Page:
Local authorities consider settlement with plaintiffs in reproductive rights lawsuit | TheUnion.com

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Local authorities consider settlement with plaintiffs in reproductive rights lawsuit

Local officials have decided to take matters into their own hands to end a civil rights lawsuit filed by three faith-based pregnancy care centers. The clinics are trying to block a new state law that compels them to notify clients of available state contraception options and abortion services.

"The six local governments are considering whether to agree not to enforce the statute while the lawsuit is pending, in exchange for the plaintiffs' agreement to dismiss them from the case," wrote Grass Valley City Attorney Michael Colantuono in an email to The Union.

Colantuono is among a group of local and state officials being sued in a case initiated by the Grass Valley-based LivingWell Medical Clinic — in conjunction with Pregnancy Care Center of the North Coast Inc. of Humboldt County, and Confidence Pregnancy Center Inc. of Monterey County — in an attempt to challenge the Reproductive FACT Act.

The plaintiffs argued that the Act, signed into law by Gov. Brown in October, violates their religious and speech rights.

In addition to Colantuono, other defendants in the case are: Alison Barratt-Green, county counsel of Nevada County, Kamala Harris, California attorney general, Karen Smith, director of public health for the state of California, as well as city and county officials in Humboldt and Monterey counties.

While the state legislation became effective on Jan. 1, officials said no enforcement action has been taken yet at the local level.

During a hearing on Dec. 17, Judge Jeffrey S. White of the Northern District Court of California turned down the plaintiffs' request for an injunction, stating the new law does not impede their First Amendment rights.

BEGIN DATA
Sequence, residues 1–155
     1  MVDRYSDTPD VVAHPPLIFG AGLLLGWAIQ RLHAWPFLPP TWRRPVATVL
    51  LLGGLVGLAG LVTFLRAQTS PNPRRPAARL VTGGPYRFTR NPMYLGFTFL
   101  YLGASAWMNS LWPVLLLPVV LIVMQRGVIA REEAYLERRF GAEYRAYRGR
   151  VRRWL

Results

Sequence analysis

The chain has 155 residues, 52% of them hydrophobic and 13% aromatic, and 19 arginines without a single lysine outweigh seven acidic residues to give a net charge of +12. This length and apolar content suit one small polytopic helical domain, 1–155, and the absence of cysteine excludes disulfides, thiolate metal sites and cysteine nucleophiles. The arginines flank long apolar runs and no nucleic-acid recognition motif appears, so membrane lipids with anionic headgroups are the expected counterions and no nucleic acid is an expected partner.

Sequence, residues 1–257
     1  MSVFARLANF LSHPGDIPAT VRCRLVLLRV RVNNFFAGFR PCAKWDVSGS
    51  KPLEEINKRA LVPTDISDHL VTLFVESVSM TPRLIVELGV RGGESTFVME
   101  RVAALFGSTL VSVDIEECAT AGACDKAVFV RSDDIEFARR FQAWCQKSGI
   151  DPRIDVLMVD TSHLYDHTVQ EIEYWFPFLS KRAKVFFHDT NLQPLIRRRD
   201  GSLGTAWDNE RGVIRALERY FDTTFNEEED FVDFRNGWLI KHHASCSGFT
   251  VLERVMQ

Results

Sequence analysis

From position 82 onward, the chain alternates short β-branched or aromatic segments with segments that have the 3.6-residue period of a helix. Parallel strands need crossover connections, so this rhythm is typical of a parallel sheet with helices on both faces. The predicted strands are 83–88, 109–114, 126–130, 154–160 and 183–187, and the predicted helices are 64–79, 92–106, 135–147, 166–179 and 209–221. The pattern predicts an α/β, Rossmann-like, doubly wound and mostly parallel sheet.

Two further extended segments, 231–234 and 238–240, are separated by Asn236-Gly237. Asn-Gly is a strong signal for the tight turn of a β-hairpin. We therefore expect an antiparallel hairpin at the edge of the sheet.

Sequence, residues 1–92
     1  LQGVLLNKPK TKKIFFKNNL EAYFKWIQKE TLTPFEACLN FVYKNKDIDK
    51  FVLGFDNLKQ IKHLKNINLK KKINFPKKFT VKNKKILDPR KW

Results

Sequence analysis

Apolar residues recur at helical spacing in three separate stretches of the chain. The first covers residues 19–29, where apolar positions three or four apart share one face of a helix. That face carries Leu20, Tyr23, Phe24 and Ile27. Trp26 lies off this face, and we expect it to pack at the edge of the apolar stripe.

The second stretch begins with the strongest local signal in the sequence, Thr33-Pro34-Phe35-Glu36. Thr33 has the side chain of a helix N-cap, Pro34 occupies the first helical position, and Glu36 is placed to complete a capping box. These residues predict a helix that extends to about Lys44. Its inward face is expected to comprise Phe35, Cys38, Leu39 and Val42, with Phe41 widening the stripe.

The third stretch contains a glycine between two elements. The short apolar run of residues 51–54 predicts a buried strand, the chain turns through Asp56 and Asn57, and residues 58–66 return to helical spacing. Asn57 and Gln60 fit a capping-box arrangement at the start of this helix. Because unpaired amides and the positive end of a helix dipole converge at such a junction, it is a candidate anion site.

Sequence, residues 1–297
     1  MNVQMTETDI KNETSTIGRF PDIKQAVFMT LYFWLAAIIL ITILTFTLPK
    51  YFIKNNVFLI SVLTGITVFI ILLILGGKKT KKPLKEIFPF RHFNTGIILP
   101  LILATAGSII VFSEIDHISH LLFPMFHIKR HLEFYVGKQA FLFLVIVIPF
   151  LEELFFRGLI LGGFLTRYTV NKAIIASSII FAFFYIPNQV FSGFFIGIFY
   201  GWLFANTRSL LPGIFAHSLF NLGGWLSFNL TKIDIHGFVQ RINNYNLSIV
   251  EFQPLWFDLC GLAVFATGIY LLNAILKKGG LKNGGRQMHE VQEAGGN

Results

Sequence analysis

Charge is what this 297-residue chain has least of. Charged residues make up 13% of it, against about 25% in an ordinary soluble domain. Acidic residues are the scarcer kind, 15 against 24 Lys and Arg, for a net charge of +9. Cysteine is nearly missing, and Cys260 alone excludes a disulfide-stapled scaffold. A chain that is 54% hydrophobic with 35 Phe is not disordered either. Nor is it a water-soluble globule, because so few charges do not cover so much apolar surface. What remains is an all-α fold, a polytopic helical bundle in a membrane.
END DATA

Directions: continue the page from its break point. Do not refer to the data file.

In the meantime, officials in Grass Valley, Nevada County, Humboldt County and Monterey County collectively filed a motion to dismiss the lawsuit at the Northern District Court of California.

But on Jan. 6, the court delayed a hearing originally set for Jan. 8 to discuss this motion. The case will now be heard on June 10. Colantuono said the court didn't give any reasons for putting off the hearing for six months. He discussed the settlement idea with the Grass Valley City Council during a closed session on Tuesday, but they have yet to reach a decision.

Robert Tyler, an attorney for the plaintiffs, said he hasn't heard about the settlement, but he is not surprised that the idea has been brought up by the officials.

"I have no doubt that they are considering that," Tyler said. "But I can't say on a first-hand knowledge whether or not we are having that conversation. My co-counsels are taking the lead for the parties in Northern California."

Tyler said the most important thing for his clients now is asking the Ninth Circuit Court to review the case. But he doesn't expect the court to hold that hearing until after three to six months.

"We will be writing the briefs over the next months," he added.

Colantuono said he anticipates additional meetings in the near future with the city and county officials, as well as the plaintiffs, to further explore options.

To contact Staff Writer Teresa Yinmeng Liu, please call 530-477-4236, or email tliu@theunion.com.